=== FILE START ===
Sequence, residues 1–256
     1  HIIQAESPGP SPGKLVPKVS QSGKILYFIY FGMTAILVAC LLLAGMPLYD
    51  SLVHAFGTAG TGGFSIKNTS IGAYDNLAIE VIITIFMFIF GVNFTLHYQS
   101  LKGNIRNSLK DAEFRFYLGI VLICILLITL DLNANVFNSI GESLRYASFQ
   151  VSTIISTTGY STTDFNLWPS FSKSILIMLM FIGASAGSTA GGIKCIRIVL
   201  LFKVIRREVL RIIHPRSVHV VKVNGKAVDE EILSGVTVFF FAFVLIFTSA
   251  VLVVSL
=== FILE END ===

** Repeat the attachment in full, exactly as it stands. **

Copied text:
Sequence, residues 1–256
     1  HIIQAESPGP SPGKLVPKVS QSGKILYFIY FGMTAILVAC LLLAGMPLYD
    51  SLVHAFGTAG TGGFSIKNTS IGAYDNLAIE VIITIFMFIF GVNFTLHYQS
   101  LKGNIRNSLK DAEFRFYLGI VLICILLITL DLNANVFNSI GESLRYASFQ
   151  VSTIISTTGY STTDFNLWPS FSKSILIMLM FIGASAGSTA GGIKCIRIVL
   201  LFKVIRREVL RIIHPRSVHV VKVNGKAVDE EILSGVTVFF FAFVLIFTSA
   251  VLVVSL